I have worked in a French community. Immediately after graduating from high school in Japan, I joined JNR at that time. At that time, there was still a strong awareness of lifetime employment, and there was a strong criticism of changing jobs. However, I was always worried that my vision was narrow because I was a high school graduate. So I decided to study French and change jobs. Here are some of my thoughts about working with French people.
Contract society France
Not lifetime employment!
The most surprising thing when I went to France was that the form of employment was not lifetime employment. For example, when entering a company, the contract is made in units of 1 year, 3 years, or 5 years. To work longer than the contracted period, you must renew your contract. Many people in France sign contracts in about three years, depending on who is working for a well-known large company or business owner.
French companies don’t have seniority, and if you don’t negotiate, you won’t get a salary. For this reason, we will work under the conditions agreed for three years, and then basically consider changing jobs.
If you change jobs in three years, we will use the results of those three years to find the next job. In a nutshell, is it an image of working for the next job?
Problems with many job changes
Such a form is natural in France, but for example, a Japanese company dealing with such a company has a problem that it is very difficult to do because the person in charge always changes.
French companies often do not take over, and new employees often start from scratch. The predecessor may be denied. The lack of communication is a big problem from the trading side.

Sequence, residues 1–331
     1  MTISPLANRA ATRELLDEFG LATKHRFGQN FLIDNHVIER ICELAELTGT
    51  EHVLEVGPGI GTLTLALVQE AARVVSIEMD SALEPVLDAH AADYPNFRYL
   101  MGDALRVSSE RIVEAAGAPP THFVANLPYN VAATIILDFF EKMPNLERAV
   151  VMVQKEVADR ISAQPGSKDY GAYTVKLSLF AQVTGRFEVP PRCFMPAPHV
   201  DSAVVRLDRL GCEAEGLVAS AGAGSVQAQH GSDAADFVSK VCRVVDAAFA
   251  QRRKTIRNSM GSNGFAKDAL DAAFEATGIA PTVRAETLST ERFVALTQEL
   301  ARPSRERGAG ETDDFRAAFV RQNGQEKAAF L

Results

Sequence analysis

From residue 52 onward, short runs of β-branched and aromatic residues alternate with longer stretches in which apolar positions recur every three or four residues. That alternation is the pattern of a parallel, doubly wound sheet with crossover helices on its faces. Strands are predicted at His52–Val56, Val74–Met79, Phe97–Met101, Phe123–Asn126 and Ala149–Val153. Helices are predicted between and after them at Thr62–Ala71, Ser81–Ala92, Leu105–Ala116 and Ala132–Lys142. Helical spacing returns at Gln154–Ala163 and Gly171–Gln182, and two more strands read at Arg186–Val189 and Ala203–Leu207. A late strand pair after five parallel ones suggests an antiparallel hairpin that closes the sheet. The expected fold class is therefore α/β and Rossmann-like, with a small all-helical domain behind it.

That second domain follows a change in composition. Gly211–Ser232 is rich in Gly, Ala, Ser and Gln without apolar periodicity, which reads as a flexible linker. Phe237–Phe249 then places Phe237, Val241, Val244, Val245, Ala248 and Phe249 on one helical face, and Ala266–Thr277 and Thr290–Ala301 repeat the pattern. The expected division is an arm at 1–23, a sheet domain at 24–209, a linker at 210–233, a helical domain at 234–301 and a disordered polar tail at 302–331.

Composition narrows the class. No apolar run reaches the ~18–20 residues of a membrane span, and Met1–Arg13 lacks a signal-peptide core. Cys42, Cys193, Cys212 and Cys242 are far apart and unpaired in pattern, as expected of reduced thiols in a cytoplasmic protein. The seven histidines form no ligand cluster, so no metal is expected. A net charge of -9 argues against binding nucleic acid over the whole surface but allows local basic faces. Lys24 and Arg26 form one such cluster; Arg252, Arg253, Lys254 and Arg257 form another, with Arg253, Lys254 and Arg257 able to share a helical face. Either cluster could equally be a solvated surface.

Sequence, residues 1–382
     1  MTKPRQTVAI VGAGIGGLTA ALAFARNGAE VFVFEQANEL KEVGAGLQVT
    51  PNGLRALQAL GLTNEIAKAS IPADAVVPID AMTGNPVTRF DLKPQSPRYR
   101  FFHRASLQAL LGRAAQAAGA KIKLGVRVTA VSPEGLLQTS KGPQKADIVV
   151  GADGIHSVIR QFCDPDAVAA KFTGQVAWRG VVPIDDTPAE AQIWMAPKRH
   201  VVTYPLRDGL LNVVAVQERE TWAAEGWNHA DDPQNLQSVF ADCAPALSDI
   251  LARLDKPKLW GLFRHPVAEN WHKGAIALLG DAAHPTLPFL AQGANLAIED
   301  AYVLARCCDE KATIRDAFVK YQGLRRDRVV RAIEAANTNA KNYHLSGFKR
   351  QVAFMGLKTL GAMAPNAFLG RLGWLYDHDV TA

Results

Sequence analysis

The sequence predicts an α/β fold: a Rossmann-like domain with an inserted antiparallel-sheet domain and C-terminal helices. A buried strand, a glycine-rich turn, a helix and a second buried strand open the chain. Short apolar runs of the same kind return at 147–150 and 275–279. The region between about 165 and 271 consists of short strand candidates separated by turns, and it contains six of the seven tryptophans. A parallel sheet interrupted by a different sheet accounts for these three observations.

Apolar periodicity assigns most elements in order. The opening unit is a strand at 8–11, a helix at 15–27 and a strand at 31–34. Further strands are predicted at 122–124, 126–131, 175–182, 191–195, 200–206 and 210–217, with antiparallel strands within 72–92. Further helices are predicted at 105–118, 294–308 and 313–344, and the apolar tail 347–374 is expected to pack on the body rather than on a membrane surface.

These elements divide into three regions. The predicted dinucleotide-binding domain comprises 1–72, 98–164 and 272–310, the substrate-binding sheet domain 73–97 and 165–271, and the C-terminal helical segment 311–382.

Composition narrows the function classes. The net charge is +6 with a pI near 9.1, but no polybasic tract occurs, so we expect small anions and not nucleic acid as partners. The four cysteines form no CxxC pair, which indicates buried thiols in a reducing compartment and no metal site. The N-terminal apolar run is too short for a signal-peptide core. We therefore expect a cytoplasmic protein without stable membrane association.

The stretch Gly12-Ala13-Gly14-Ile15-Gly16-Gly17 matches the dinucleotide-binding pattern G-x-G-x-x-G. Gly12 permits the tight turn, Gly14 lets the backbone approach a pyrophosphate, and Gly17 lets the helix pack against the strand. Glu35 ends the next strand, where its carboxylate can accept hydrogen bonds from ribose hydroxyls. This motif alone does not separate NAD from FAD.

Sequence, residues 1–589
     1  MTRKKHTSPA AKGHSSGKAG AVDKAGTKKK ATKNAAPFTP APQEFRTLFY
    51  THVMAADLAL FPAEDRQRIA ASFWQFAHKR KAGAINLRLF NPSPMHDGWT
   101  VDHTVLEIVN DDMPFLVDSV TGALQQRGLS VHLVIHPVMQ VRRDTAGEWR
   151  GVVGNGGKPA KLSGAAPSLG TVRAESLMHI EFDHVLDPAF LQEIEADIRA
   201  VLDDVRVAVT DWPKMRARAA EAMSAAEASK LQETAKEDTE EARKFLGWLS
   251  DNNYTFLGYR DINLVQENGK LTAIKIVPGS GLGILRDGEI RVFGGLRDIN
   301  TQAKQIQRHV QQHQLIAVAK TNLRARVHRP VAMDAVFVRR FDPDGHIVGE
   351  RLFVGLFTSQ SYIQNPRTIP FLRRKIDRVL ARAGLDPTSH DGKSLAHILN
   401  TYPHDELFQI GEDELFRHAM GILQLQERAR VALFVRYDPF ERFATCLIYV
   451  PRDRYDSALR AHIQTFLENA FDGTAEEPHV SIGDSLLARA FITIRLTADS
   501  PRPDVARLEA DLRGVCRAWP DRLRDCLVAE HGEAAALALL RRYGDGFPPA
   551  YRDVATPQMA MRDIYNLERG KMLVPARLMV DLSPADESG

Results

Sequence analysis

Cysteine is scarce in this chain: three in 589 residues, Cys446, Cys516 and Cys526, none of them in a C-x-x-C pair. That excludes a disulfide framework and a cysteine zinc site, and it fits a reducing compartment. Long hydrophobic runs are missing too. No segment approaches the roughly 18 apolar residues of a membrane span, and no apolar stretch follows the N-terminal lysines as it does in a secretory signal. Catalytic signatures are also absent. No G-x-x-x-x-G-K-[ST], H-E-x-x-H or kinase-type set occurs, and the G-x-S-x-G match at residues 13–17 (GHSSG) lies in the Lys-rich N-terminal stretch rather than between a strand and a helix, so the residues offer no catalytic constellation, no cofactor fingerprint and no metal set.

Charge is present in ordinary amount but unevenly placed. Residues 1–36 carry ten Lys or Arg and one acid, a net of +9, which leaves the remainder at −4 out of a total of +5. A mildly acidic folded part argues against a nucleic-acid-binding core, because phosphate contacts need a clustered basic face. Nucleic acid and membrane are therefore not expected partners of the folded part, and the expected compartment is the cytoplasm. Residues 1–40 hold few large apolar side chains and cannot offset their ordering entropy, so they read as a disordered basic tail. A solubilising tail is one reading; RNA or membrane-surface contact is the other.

Communication after work
Relationship with business partners
In French society, it is rare for colleagues to go out for drinks or entertain business partners after work.
In Japan, sellers and buyers value after-five relationships, so unless you have a good deal, don’t change your business partner. On the other hand, when a French company sells to a Japanese company, it basically has only a relationship during working hours, so the business relationship becomes thin.
Good and bad business relationships
There is of course good or bad in this. I prefer the French way. I’m not good at drinking after five because I can’t drink much.
Furthermore, I am not used to being asked about work until the working hours have been exceeded, and I feel a longing for the French way of going home immediately after working hours.
How to recognize your history
Results are important in France
What I think of working with the French is that the effort to reach the outcome is not very important. The idea of “I can’t help doing my best” doesn’t work at all.
In the case of Japan, even if something fails, the situation up to that point is taken into account, and the trust that “Oh, I ’ve been here so far” has been built. However, in France, depending on the person, there is a feature that only the result of the target project is considered important.
Good middle between Japan and France
Personally, I think that the Japanese way is too sweet and the French way is too strict. Therefore, sometimes I think that the middle of Japan and France may be just right.
Japanese common sense isn’t everything
In this way, when comparing Japan and overseas, I feel that both have good and bad. Japan is by no means better, and France is not better.
When working with people from overseas, I strongly feel that unless you understand the background of the country, you cannot understand the other person’s way of thinking. If you work with French people, there is no point in imposing Japanese common sense. You have to understand the French way of thinking and work while understanding each other.